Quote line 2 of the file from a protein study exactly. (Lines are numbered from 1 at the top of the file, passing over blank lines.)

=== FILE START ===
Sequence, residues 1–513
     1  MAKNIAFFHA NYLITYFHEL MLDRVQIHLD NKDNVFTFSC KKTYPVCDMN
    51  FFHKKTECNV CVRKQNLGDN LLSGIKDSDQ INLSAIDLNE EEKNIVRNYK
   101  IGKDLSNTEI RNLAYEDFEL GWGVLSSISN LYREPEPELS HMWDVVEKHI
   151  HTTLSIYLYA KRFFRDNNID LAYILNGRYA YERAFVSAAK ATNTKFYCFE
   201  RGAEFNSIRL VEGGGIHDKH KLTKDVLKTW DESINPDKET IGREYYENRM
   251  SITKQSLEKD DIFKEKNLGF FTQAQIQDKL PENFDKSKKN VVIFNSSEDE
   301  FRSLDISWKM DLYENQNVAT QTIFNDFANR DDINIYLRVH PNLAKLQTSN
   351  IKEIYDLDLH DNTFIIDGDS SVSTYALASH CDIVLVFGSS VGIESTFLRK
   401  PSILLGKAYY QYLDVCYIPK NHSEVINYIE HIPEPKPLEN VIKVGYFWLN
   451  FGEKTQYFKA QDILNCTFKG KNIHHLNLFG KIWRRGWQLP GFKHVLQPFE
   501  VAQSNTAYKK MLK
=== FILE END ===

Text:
     1  MAKNIAFFHA NYLITYFHEL MLDRVQIHLD NKDNVFTFSC KKTYPVCDMN